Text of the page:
• Coefficient absolute level greater than two flag (e.g. coeff_abs_level_greater2_flag): indicates if the absolute value of a coefficient level is greater than 2;
    • Coefficient sign flag (e.g. coeff_sign_flag): sign of a significant coefficient level (e.g. 0: positive, 1: negative, the opposite may also hold true);
    • Coefficient absolute level remaining (e.g. coeff_abs_level_remaining): remaining absolute value of a coefficient level. The magnitude of a transform coefficient to code/decode is always a positive integer value. The coefficient absolute level remaining corresponds to the absolute value of the coefficient minus 3 (if it is known the coefficient is greater than 2).
      In each scan pass, a syntax element is coded only when necessary as determined by the previous scan passes. For example, if a coefficient is not significant, the remaining scan passes are not necessary for that coefficient. The same is performed for the sign coding: the coefficient sign flag is sent only for non-zero coefficients.

FIG. 8 represents a flowchart of a method for encoding a significant coefficient flag in a bitstream according to a specific and non-limiting embodiment. The method starts at step S100. At step S110, a transmitter 1000, e.g. such as the encoder 100, accesses a block of a picture. At step S120, the transmitter determines a context for a significant flag of a coefficient of a block based on the area of the block, on the position of the coefficient within the block and on the number of significant, i.e. non-zero, neighboring coefficients in a local template wherein the local template depends on the shape of said block. At step S130, the transmitter encodes the significant flag based on the determined context. The method ends at step S180.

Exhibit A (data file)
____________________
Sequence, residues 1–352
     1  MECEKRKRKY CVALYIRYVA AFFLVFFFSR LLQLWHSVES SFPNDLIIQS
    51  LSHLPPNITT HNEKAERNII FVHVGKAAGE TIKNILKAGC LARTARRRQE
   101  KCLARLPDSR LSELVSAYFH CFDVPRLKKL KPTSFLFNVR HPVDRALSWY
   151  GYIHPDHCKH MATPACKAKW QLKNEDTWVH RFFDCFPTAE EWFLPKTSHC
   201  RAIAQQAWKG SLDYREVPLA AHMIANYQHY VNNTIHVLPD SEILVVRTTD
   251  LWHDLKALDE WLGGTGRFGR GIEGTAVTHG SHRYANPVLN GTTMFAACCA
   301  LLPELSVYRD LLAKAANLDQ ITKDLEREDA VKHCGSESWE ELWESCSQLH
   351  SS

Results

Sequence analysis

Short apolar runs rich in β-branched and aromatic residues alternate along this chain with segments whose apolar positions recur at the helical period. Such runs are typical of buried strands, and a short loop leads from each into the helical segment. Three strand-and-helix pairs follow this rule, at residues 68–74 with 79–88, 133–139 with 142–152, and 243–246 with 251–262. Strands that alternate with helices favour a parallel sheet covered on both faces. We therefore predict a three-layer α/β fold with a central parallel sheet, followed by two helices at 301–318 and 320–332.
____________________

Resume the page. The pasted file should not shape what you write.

FIG. 9 illustrates a flowchart of an exemplary method for encoding a significant coefficient flag in accordance with an embodiment.

The method starts at step S200. At step S210, a transmitter 1000, e.g. such as the encoder 100, accesses a TB and a current coding group currCG in the accessed TB. The size of the TB is defined by values width and height.
At step S220, the transmitter determines a context for a significant flag of a coefficient of currCG. The context is identified by an index currCtxIdx. Thus, determining a context comprises determining the index currCtxIdx identifying the context in a set of contexts.
In step S2100, a context index offset ctxOffset is determined. ctxOffset is equal to 54 if the TB is of Chroma component, and is equal to indexOnTBSize if the TB is not Chroma (i.e., if the TB is a Luma block). The determination of indexOnTBSize depends on the TB size, more precisely, on the TB area. The following value is calculated:


uiLog2BlkSize=log2(width*height)>>1=(log2(width)+log2(height))>>1  (1)

where >> is a right-shift operator.
If the current TB is a Luma block, then the contexts that are used to code the significant coefficient flag are determined as a function of this value uiLog2BlkSize.


indexOnTbSize=uiLog2BlkSize≤2?0: f(uiLog2BlkSize)  (2)

Where f( ) is a defined function, e.g. in the form of a Look-Up Table and (a<b?i:j) means that if a<b, then the result is i and otherwise the result is j. As an example.

f ( uiLog 2 BlkSize ) = { 18 if ( uiLog 2 BlkSize = 3 ) 36 if ( uiLog 2 BlkSize 4 ) ( 3 )

As a result, separated sets of contexts (e.g., CABAC contexts) are employed to code the significant coefficient flag of TB with different areas for Luma components. These different sets of contexts are represented by the context offset (ctxOffset), which is an address in a global set of contexts useful for the coding of the significant coefficient flag.
Step S2110 initializes the current scan position (currScanPos) and the first position in the current CG (firstPosInCG), that is, the last coefficient index and the first coefficient index in the current CG, respectively, since the scan proceeds from last to first coefficient in the current CG, as in FIG. 7.